The departure of Jordan Jenkins officially closes the book on the New York Jets’ 2016 NFL draftees. Jet X looks back on what was and what’s now.
The 2016 NFL draft was one that changed the course of football history. Future polarizing figures and engineers of Super Bowl visits were taken with the first two picks (Jared Goff/Carson Wentz). Ezekiel Elliott and Derrick Henry taught us to appreciate the running back again.
Then there’s what happened to the New York Jets.
With the reported departure of Jordan Jenkins, Gang Green’s entire 2016 draft class has officially departed. Of that cursed group of seven, three are not on a current NFL roster and one has already left pros entirely.
Jet X looks back on the class and checks in on where they are now …
Round 1: LB Darron Lee, Ohio State
Then: Darron Lee was fresh off a dominant performance in Ohio State’s national championship trek, earning Defensive MVP honors in the College Football Playoff semifinal upset victory over Alabama.
The Jets chose him 20th overall, one pick before Houston chose Will Fuller. Inconsistency and character issues marred Lee’s time in New York. He was assessed multiple fines for penalized hits and missed the final four games of 2018 for a PED suspension. The Jets declined Lee’s fifth-year option and shipped him to Kansas City for a sixth-round pick (which was later traded to Indianapolis for Quincy Wilson).
Now: Lee partook in every regular-season game for the 2019 Chiefs, earning 31 tackles, but he did not dress in any postseason contests (including Super Bowl 54). After Kansas City let him walk, Lee was dealt another four-game suspension for an unspecified offense.
He eventually joined the Buffalo Bills’ practice squad and appeared in two regular-season games. Lee is currently a free agent and made a case to return to New York on social media in January, expressing an eagerness to work with new head coach Robert Saleh.
Round 2: QB Christian Hackenberg, Penn State
Then: Christian Hackenberg burst onto the national scene with a strong freshman season at Penn State under future Texans coach Bill O’Brien. He failed to match the numbers from his debut campaign but was still the fourth quarterback chosen in the 2016 NFL draft after Goff, Wentz, and Paxton Lynch.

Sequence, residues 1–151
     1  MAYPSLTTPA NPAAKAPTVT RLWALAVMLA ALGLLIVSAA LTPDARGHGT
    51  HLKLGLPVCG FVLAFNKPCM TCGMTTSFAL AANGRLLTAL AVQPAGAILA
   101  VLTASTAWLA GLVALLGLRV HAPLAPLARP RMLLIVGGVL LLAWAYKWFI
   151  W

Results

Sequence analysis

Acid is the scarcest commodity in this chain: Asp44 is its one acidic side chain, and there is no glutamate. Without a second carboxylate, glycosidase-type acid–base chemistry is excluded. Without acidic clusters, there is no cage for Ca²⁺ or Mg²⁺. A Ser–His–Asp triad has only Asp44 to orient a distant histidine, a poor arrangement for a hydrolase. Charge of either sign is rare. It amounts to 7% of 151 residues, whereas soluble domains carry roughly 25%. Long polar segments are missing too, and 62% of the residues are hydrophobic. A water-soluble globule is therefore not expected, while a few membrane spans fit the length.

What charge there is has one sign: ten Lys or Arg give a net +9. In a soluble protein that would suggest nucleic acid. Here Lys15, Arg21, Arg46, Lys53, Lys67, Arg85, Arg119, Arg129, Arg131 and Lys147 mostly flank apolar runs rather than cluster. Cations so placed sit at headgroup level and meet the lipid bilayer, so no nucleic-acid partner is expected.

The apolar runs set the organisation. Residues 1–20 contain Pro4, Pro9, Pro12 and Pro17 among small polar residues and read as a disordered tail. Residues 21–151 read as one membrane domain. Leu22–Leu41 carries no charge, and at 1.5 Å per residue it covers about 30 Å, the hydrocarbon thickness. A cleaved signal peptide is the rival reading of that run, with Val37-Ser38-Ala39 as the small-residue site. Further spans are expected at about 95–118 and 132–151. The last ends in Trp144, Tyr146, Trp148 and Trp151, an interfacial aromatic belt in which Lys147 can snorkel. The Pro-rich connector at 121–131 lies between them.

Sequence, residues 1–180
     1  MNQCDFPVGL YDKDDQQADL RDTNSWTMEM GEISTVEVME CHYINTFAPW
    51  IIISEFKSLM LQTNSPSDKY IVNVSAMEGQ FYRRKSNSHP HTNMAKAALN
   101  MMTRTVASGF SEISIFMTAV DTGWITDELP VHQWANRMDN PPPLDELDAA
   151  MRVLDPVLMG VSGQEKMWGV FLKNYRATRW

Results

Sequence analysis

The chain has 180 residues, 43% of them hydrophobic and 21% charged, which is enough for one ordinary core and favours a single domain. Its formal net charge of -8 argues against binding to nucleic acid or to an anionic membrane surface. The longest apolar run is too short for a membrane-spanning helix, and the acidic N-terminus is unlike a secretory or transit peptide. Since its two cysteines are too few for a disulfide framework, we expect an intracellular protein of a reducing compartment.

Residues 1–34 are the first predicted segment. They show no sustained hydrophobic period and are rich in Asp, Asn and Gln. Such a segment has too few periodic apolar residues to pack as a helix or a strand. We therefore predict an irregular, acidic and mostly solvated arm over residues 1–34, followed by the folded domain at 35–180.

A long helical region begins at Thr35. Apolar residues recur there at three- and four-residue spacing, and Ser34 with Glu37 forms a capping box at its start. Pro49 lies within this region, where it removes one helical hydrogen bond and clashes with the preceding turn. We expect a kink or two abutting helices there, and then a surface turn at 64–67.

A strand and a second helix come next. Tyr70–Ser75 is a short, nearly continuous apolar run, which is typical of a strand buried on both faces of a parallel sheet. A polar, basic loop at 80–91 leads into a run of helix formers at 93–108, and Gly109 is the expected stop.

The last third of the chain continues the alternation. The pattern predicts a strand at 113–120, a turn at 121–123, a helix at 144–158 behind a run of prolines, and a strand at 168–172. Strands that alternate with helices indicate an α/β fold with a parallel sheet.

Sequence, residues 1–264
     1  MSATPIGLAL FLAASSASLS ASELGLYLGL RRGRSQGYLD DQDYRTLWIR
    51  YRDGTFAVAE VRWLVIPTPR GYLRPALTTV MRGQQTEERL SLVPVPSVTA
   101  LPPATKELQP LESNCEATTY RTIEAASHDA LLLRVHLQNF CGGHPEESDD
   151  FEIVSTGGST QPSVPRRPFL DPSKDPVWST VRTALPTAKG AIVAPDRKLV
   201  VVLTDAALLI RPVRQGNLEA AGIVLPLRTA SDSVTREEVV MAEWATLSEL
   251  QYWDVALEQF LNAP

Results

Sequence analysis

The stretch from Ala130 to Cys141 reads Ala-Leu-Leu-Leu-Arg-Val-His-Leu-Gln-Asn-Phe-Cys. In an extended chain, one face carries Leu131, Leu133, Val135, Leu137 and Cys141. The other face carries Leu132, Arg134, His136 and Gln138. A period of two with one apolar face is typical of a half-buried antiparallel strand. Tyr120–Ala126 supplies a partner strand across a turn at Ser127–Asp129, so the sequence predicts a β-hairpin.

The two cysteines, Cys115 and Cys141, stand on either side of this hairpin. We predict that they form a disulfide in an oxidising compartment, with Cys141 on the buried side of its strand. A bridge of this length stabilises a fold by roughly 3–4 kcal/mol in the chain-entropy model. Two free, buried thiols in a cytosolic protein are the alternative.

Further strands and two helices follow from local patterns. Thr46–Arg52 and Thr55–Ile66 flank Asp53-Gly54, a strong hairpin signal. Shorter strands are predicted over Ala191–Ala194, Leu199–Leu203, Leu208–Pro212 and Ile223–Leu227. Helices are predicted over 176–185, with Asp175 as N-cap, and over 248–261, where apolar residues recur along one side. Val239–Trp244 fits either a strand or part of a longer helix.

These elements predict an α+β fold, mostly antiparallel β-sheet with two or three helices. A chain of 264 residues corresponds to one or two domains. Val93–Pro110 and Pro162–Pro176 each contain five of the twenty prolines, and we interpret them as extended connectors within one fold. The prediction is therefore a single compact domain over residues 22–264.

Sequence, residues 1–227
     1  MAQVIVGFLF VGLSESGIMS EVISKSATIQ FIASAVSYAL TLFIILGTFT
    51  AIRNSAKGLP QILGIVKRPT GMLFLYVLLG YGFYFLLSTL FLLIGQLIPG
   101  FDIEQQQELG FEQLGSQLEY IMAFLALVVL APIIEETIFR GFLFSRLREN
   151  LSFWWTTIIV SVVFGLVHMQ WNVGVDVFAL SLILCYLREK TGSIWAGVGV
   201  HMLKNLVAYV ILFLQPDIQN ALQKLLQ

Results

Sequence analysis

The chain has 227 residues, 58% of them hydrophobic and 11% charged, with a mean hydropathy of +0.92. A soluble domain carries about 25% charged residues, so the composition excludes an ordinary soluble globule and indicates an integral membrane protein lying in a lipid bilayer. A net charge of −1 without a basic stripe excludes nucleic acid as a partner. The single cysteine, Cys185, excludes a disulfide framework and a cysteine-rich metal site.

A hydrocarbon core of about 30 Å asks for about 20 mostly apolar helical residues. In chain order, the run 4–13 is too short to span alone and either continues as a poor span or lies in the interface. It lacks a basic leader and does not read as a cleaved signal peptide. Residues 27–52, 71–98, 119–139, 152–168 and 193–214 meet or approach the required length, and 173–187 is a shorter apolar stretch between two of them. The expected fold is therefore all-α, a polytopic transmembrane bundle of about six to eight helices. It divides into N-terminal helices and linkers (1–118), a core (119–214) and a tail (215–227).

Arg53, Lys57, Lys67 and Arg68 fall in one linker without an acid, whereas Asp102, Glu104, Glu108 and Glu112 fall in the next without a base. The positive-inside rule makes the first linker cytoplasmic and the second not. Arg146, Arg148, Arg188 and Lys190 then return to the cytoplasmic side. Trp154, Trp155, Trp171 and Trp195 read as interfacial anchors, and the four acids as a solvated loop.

Dak Prescott and Jacoby Brissett were among the throwers chosen after. Hackenberg never impressed in a pair of preseasons and was never called upon in regular-season action, only dressing for three games in 2017 when Josh McCown’s injury made him the backup to Bryce Petty.
Now: Hackenberg was dealt to the Oakland Raiders in May 2018 for a seventh-round pick…one the Jets lost when the Raiders dropped Hackenberg less than a month later. After respective preseason and practice squad stints in Philadelphia and Cincinnati, Hackenberg finally got to play regular-season downs in 2019 with the Memphis Express of the Alliance of American Football.
Alas, Hackenberg was benched after two games for fellow former NFLer Zach Mettenberger, throwing no touchdown passes and three interceptions. Hackenberg embarked on a new throwing opportunity last summer—attempting to become a baseball pitcher—but recently returned to football through a coaching excursion with Winslow Township High School Football in New Jersey.
— NYJ MIKE (@NyjMike) March 20, 2021
Round 3: LB Jordan Jenkins, Georgia
Then: Jordan Jenkins passes on the mantle of longest-tenured Jet to franchise tag holder Marcus Maye after five seasons. He likely would’ve gone long before the 83rd overall choice had he not suffered a hamstring injury during NFL Scouting Combine workouts.